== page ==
You may be surprised to hear that, block printing still faces various challenges to its very existence, despite block printed fabrics enjoying plenty of love on the international scene.
An ever increasingly competitive domestic marketplace and the wholesale uptake of environmentally damaging new practices has left block printing communities with somewhat reduced opportunities. Whilst allowing some market players to flourish it has also left others struggling, unwilling to pass on their skills to future generations, for want of opportunities.
Fierce competition has also seen the introduction of some troubling environmental issues. Traditional (natural) dyes were made from the rich selection of regional Rajasthani flowers, flowering trees and shrubs. These non polluting dyes were somewhat labour intensive and have therefore been replaced in favour of the wholesale adoption of quick setting, chemical dyes.
Widespread use of these chemical dyes within a water intensive process has contributed to the pollution of the already diminishing fresh water supply of the Thar desert region. This has only compounded the woes of the local communities.
These environmental issues are slowly being addressed and certain harmful dyes and bleaching agents have been banned. Community owned water treatment plants have also been constructed and further solutions are still being sought, although, only with the help of increased pressure from a global clientele demanding eco -friendly products will widespread solutions be reached.
Protecting the trades and livelihoods of the cottage industry printers from the vast forces of capitalism seems like an almost insurmountable task and it appears as though very little can or will be done. With the current government unlikely to return to a Royal patronage system that saw the craft through previous tough times.
The Indian government has introduced the “Geographical Indication” scheme which aims to distinguish the uniqueness of each area’s speciality prints. This also stops competitors passing off screen printed garments for authentic block printing. According to local filmmaker Akash Kamthan’s documentary, Dekha Andekhi – Kaal aur Kala this well intentioned scheme lacks co-ordination and has unfortunately failed to engage the block printing communities whilst managing to achieve very little since its inception.
There are signs of hope though, with a number of leading Indian clothing companies putting sustainable and ethical practices at the centre of their businesses. (Woop, woop). One, in particular, having championed the cause of the humble block printer and their art.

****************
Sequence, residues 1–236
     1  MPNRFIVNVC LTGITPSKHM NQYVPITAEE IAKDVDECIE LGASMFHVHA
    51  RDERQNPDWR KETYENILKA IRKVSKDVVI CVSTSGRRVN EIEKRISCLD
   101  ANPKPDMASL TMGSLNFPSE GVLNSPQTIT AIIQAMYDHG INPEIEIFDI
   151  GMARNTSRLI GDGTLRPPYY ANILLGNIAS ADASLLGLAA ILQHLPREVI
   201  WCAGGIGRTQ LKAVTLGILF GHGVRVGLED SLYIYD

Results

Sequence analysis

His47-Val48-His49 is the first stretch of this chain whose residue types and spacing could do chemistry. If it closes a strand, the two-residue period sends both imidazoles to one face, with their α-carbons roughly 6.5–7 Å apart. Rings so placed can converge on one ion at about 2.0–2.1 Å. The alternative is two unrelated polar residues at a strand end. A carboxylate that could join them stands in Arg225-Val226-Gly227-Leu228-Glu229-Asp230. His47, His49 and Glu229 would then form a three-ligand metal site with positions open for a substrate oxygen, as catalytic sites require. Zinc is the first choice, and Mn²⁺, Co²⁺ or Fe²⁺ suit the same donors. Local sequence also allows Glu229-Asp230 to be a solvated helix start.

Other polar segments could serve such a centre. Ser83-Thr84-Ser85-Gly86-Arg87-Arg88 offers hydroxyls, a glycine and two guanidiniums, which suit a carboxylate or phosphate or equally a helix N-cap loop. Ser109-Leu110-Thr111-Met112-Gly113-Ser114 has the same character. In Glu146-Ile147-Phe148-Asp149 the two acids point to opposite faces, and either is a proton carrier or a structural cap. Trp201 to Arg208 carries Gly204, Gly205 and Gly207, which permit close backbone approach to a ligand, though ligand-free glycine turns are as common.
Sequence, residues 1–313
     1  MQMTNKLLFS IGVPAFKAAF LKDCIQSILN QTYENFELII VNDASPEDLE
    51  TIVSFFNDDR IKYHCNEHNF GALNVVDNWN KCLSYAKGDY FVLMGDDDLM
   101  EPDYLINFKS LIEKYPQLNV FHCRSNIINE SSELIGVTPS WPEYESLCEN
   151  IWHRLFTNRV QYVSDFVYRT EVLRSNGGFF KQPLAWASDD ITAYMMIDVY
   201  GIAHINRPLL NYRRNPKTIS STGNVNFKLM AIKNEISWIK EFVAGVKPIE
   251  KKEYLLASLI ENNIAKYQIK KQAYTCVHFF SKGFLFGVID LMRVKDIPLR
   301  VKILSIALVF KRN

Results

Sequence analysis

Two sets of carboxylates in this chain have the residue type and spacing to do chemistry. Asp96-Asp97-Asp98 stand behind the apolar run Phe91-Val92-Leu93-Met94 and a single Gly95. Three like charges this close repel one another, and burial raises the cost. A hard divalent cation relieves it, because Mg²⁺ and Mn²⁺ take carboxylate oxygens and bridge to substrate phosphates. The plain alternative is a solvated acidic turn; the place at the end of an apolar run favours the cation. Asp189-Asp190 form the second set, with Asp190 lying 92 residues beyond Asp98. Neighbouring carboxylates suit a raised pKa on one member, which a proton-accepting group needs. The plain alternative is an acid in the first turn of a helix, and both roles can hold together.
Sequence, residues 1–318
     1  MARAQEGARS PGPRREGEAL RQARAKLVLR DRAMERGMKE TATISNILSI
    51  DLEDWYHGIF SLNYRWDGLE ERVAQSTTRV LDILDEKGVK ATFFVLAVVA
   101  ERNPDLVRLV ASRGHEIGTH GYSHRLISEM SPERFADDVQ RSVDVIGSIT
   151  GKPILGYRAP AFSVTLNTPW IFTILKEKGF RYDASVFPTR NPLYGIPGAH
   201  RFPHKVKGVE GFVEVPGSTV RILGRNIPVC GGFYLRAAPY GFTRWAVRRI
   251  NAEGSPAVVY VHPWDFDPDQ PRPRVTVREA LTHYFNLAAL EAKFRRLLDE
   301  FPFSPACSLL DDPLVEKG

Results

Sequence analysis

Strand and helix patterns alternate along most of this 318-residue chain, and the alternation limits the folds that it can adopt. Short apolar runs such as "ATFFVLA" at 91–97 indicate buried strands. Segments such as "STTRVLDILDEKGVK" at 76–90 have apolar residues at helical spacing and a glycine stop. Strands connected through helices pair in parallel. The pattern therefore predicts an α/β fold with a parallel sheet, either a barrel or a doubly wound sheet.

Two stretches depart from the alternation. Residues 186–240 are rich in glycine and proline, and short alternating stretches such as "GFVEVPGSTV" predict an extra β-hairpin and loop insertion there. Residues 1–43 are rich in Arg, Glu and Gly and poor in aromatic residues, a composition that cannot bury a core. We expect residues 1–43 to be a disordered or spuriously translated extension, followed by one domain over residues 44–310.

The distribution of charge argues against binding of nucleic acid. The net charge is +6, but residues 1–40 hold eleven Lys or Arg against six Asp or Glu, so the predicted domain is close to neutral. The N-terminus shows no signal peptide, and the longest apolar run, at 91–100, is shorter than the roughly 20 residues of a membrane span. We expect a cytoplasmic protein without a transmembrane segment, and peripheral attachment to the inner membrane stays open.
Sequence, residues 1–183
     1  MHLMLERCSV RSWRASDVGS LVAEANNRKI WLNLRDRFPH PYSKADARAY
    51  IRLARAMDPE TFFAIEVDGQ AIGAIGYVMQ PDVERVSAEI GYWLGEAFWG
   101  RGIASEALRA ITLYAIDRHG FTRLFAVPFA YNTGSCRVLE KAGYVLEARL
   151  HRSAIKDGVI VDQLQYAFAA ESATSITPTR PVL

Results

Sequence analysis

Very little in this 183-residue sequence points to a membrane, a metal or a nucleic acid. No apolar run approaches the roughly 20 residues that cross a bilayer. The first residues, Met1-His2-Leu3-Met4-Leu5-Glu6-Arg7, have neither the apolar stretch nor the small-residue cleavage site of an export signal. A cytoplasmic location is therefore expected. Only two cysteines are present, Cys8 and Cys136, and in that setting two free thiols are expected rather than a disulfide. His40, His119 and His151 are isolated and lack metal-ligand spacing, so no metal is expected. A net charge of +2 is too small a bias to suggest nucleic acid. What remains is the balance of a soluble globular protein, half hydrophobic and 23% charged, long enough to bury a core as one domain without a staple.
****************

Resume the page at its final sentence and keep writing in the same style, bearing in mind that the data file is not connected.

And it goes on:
The Anokhi Museum of Hand Printing has been introduced in an attempt to safeguard the heritage craft for future generations. This cultural hub was designed to “provide an in depth look into the complexity of this ancient tradition” one which allows the printers to see their work in a wider context and one that aims to “address(es) this fragile situation primarily through education.” :) This is a great step in the right direction and if you’re ever in Jaipur it’s well worth a visit. Watch out for their delightful publications too, if you’re looking for further reading. Picture courtesy of their website.
Another notable mention is Craftmark, an initiative, that’s been working hard to “develop sector-wide minimum standards and norms for labelling a product as a handicrafts product.”It also, “increases consumer awareness of distinct handicraft traditions and strengthens the supply chain from manufacturer to end consumer.” Not bad, eh!? Watch their short video here.
In a word, yes.
India’s artisan and craftwork cottage industries are very important because they run deep within the fabric of Indian society, offering trade, identity and livelihoods to millions. This is especially true of block printing and its communities. India simply wouldn’t be the vibrant, colourful place that exists today without the centuries of continual creation from its talented artisans.
The many challenges faced will only really be surmounted when the artisans, government and civil society work together to find solutions. If a conscientious, co-ordinated effort is made, India might just find a sustainable future for block printing and it’s communities. I am hopeful, at least.
Well, you read this far, you obviously care…
For starters, recognising the beauty of the craftsmanship and the unique qualities of genuine hand block printing for the labour of love that it really is. Your recognition of a craft that’s deeply rooted in the culture and the lives of the humble Rajasthani people really does help, because each purchase from the artisans goes a long way to making a real difference.
Shop sustainably, it’s the information age, you have the whole world at your fingertips and believe it or not, ignorance has now become a choice… so chose wisely my friend! Open your heart and your eyes the world and become aware of the consequences of your actions. If you’re getting cheap clothes, that usually means someone else (or the environment) is paying the price for them.
In fact just reading this post helps, because …. hey, at the end of the day, I’ve written it for you, hopefully you’ve enjoyed reading it, taken some of it on board and maybe even learnt a little something… I know I have. So there we go, thank you for that. A better understanding of the situation and an increased sensitivity to the areas in which you operate is never a bad thing, eh!?
So please, let me know how you feel about the situation, do you have any ideas on how to help the block printing communities? Do you have any further light to shed on the subject, any further areas of research you can point me towards? Do you just love handmade products? or are there any other topics you would like me to write about? Just give me shout in the box below and I’ll get back to you.